The party’s host more often than not dictates both the atmosphere of the party and the crowd itself. You have to remember that it’s another teen just like yours who is hosting it in most cases, so another parent had to approve of it all in the first place. Nobody likes their house trashed either, so boundaries and limits for how to behave have already been set, if not directly by the host then automatically because of the sense of respect for another person’s property. Troublemakers will get in trouble as usual and there is already a form of authority there, the hosting teen’s parent, even if they won’t be attending the party during the event.
Discuss with the host’s parent if you’re able to do that, or ask about the child who throws the party from multiple sources in case you might not fully trust your own child.
Generally, parents tend to freak out when it comes to teenager parties or sleepovers or even hangouts away from home. While the worries are reasonable, it doesn’t always make them real, but in this blind attempt to shield their teen away from the rest of the world, the parent might make matters worse for their own child. Their social skills won’t be improving any time soon if they don’t get to actually socialize with other teens their age, nor will they become more responsible, more mature and nor will they accumulate any sort of life experience if they’re not allowed to leave the house.
To give a real-life example and make it all closer to home for everyone, I could speak from my own experience. The first New Years party I had gone to was when I was 17 years old, and one of my best friends at that time had hosted it. There were five of us teens, three girls, a boy, and myself, and on top of that, the hosting girl’s family was present as well. Not from lack of trust or anything, but because it was supposed to be a family event on purpose.
There was alcohol offered if we wanted to drink it, but we didn’t even touch more than just the champagne when the clock struck twelve — we had been too caught up in playing party games until then to drink or even eat. Karaoke and taking pictures were the main focus of the party, and we fell flat from tiredness after 2 AM only to wake up 8 hours later anyway. However, I specifically remember my mother being super torn about the party as well, just like many parents wondering the same thing about the New Years party attendance.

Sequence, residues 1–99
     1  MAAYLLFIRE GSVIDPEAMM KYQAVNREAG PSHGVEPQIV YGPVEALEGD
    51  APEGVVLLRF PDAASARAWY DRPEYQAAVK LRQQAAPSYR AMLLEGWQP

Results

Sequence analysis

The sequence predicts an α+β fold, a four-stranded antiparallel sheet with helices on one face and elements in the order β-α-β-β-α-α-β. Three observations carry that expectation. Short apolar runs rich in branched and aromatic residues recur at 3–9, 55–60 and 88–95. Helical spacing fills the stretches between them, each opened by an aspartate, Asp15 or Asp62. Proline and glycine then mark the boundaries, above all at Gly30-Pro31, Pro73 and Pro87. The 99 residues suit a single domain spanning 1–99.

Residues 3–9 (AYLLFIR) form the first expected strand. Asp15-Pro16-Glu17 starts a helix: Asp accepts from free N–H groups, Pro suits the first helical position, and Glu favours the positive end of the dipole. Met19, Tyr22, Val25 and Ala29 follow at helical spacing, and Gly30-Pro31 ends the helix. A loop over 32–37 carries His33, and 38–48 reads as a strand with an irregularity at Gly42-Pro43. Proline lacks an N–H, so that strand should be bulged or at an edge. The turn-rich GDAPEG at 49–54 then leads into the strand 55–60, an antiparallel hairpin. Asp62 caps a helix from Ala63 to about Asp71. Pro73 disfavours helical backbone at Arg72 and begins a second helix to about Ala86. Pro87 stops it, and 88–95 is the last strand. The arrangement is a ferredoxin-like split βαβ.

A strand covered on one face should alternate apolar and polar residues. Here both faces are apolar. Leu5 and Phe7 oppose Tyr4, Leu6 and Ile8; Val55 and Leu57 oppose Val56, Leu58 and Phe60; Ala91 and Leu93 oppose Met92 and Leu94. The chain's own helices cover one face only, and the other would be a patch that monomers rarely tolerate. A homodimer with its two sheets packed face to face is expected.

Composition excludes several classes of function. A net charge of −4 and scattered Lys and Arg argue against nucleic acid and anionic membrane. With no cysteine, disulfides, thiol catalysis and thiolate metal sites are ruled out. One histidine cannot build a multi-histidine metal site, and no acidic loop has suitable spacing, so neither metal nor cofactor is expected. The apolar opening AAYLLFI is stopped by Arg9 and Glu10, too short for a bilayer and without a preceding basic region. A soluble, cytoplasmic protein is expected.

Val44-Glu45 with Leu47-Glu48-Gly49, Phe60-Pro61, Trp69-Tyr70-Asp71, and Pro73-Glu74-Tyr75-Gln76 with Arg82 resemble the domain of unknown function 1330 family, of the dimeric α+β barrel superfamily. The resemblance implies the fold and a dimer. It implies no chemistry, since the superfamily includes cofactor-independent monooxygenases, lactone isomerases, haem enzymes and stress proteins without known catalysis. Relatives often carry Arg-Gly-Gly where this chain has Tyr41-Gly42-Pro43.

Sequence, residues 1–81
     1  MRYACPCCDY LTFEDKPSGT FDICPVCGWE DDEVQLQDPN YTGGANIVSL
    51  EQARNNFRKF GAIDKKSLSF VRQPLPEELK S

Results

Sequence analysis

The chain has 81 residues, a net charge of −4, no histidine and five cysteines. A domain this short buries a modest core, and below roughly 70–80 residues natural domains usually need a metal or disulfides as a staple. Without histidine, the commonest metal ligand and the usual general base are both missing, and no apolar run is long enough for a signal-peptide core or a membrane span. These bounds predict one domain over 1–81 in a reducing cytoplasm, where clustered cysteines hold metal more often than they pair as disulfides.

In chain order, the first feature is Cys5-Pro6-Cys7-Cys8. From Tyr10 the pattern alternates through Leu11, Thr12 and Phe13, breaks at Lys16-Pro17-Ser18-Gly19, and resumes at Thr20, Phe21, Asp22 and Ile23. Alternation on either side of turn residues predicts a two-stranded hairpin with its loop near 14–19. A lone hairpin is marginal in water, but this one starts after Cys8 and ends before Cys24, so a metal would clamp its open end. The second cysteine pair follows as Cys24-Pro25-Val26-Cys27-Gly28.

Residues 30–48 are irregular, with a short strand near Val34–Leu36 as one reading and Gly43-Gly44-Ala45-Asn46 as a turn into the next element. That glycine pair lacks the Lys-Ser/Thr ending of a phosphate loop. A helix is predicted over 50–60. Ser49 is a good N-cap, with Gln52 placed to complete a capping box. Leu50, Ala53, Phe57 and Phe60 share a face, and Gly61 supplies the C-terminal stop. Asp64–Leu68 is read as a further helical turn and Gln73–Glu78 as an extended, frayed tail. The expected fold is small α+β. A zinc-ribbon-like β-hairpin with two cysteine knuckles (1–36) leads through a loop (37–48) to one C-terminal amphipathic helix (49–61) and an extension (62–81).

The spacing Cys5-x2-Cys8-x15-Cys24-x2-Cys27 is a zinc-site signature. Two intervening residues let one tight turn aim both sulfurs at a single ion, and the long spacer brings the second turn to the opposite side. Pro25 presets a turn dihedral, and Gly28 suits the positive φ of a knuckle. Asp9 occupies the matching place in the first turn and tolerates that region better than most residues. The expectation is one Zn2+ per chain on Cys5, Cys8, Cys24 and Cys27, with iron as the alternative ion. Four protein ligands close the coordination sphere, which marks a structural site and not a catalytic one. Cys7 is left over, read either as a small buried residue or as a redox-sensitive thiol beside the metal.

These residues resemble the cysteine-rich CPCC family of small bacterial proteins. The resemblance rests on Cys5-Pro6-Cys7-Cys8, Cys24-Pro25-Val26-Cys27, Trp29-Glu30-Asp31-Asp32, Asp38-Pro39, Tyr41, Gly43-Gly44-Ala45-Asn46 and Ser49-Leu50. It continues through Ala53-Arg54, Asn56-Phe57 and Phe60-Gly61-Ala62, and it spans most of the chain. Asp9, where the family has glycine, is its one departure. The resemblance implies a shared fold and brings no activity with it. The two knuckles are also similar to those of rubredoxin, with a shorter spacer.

The next year’s party, at age 18, was less familiar in terms of crowds and hosts, admittedly. I only knew about 5 people out of the 23 who attended, and it was basically like attending a party with your classmates, roughly the same number of teens. Alcohol was involved, cigarettes were involved, nothing uncommon for eighteen-year-olds, and surprise! Nothing bad happened.
In the end, everyone who wants to actually enjoy the party knows they have to be responsible with drinking, otherwise they miss out on all the fun and learn to know better next time anyway, but other teens are always there to take care of anyone who needs it. When it comes to smoking, teens get tempted to try it, it’s very true, but whether they just do it once to try it out or if they want to adopt the habit is something entirely influenceable by their parent. Educate them about the ups and downs of smoking, listen to their side and their impressions of the whole ordeal and then set limits or reach an agreement to either not smoke, to tell you whenever they start doing that just so you avoid the whole sneaking around phase, or if you want to let them do whatever then you can just go that way as well. It’s all up to you how you react to things and how you nurture the relationship you have with your teenager, in order to avoid issues later on.
So in order to really figure out if you should let them attend that party or not, make an effort to learn about the environment they want to go in, the people who are attending or who your teen is attending alongside, and take into consideration your own relationship with your child before you give an answer.